In dialectical behavioral therapy, they talk about the concept of willingness vs. willfulness. I don’t need a client to feel “ready” to recover, there just has to be some element of willingness. Even if the willingness simply comes from someone else forcing them into therapy. Or it's the willingness to take their best shot at recovery, because living with the eating disorder feels exhausting. 
 
This is my favorite description of the concept:
 
“Life is a lot like being a batter in front of a pitching machine.  So what happens when you're in front of a pitching machine? There's a machine and it's throwing balls at you. And you're standing at one end and the machine is at the other and the balls start coming. You've got a bat.  

Now, if the balls coming at you and the pitching machine is throwing them, what are your options?  Well, you could either take your bat, pull it back, try to hit the ball.  Or, you could throw a tantrum.  You could get really upset.  You could say, 'It's coming too fast. I don't like it. I'm not doing it.  I'm not hitting that ball anymore. Stop.'
You think the balls would stop coming if you did that?  No. Life is like that. You can get as upset as you want about life but actually life just keeps coming - one moment right after the next. 

What are your options? You can stand there, do nothing, let the ball go by. Or, you could stand in front of the ball and just get hit by it.  Or, you could try to hit the ball.  Willingness is trying to hit the ball.”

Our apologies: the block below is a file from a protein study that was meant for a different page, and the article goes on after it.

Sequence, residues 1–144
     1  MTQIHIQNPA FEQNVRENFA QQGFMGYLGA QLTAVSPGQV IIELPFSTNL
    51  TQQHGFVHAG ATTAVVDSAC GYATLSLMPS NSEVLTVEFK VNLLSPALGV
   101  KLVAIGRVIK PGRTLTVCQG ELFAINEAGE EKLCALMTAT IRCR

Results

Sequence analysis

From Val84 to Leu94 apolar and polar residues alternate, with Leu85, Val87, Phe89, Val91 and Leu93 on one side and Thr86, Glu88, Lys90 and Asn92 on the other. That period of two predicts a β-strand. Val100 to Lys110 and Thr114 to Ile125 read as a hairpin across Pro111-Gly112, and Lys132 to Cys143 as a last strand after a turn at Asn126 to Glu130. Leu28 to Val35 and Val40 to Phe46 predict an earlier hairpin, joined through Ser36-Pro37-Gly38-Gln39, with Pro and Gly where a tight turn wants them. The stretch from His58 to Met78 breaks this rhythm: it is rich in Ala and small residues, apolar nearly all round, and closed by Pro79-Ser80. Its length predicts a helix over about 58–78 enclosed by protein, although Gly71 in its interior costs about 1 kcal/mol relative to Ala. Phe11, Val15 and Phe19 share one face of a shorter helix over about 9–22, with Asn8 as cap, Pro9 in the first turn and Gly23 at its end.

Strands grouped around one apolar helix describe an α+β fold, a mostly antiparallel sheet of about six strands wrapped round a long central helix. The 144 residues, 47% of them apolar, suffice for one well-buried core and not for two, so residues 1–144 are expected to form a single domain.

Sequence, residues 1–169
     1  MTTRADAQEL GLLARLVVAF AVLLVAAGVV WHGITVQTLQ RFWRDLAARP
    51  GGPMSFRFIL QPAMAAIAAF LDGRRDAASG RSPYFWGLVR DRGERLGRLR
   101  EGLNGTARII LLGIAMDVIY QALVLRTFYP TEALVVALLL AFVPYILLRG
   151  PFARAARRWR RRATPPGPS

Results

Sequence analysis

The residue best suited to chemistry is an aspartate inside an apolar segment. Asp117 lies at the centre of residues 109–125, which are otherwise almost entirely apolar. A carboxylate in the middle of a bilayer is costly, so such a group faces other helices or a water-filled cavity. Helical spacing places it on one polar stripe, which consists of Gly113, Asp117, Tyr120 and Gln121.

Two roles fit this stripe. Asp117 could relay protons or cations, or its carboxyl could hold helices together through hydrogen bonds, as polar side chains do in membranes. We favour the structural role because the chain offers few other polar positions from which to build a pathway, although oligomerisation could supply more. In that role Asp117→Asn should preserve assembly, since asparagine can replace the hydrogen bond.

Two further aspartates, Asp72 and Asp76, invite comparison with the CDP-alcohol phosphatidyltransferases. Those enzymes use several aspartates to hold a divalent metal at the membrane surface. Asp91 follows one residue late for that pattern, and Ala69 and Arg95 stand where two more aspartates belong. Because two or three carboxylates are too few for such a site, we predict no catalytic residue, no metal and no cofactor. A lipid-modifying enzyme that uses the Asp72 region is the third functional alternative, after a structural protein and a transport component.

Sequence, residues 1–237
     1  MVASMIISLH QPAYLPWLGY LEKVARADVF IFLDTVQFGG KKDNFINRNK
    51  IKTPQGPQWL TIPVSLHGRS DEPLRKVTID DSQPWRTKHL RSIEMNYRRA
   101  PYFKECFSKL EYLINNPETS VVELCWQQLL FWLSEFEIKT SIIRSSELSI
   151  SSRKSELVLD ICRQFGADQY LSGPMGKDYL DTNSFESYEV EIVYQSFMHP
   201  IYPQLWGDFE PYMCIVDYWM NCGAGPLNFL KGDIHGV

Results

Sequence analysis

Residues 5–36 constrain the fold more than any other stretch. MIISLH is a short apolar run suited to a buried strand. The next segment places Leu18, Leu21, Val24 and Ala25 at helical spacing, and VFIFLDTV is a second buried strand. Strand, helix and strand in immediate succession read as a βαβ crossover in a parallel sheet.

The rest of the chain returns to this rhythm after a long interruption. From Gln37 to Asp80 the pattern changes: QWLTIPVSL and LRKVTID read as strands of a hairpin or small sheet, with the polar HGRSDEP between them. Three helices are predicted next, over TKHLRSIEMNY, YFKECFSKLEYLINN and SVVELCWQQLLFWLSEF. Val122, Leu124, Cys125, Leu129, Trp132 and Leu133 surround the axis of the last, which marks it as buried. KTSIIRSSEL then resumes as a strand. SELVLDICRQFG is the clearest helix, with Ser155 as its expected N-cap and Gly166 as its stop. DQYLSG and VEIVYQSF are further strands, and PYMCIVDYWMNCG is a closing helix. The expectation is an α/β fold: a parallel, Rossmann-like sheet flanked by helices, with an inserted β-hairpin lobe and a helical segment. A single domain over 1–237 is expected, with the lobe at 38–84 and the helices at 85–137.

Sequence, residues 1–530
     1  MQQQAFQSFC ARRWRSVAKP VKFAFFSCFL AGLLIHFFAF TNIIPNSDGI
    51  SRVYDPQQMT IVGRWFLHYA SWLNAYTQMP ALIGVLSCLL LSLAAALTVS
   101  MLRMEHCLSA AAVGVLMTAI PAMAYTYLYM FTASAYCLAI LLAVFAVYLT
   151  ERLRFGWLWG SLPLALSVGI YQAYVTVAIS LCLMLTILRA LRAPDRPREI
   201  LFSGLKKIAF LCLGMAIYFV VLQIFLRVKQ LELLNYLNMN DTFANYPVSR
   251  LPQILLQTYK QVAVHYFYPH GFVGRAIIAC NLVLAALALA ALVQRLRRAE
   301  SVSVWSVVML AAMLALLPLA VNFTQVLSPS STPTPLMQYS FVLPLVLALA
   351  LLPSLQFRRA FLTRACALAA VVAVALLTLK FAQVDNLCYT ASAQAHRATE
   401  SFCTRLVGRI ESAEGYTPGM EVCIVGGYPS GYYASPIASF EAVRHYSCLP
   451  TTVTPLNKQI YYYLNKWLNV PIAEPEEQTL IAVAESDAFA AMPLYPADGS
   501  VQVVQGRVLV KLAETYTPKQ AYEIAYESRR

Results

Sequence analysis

You’re eating disorder is essentially keeping you in a cage. I’m asking you to commit to being “willing” to do whatever it takes to step outside of the cage (even if right now you can only commit to a short period of time). 
 
You can always decide to step back into the cage, if you find that you don’t enjoy your life in recovery-but I haven’t met anyone who is recovered who wants to go back to the eating disorder.
 
What Are You Willing to Commit To?
 
I know that surrendering is scary, and it’s also a sign of true courage.
 
I’d encourage you to ask yourself, if I truly embrace “willingness” and “surrendering” to the recovery process, what steps could I take on a daily or weekly basis?
 
Ask your treatment team to help hold you accountable. If you don’t have a team, it’s so important to reach out for help and support.
 
Please don’t wait until you feel “ready” or “deserving” of treatment. You deserve a meaningful and joyful life. One that you cannot fully have if you continue to stay trapped in your eating disorder.
 
Take the first step. It will be worth it. 


Jennifer Rollin, MSW, LCSW-C: is an eating disorder therapist in private practice in Rockville, Maryland. Jennifer specializes in helping teens and adults struggling with anorexia, binge eating disorder, and bulimia, and body image issues. Jennifer provides eating disorder therapy in Rockville, MD, easily accessible to individuals in Potomac, North Potomac, Bethesda, Olney, Germantown, and Washington D.C. Connect with Jennifer through her website: www.jenniferrollin.com

Check out Jennifer's on-demand eating disorder trainings here!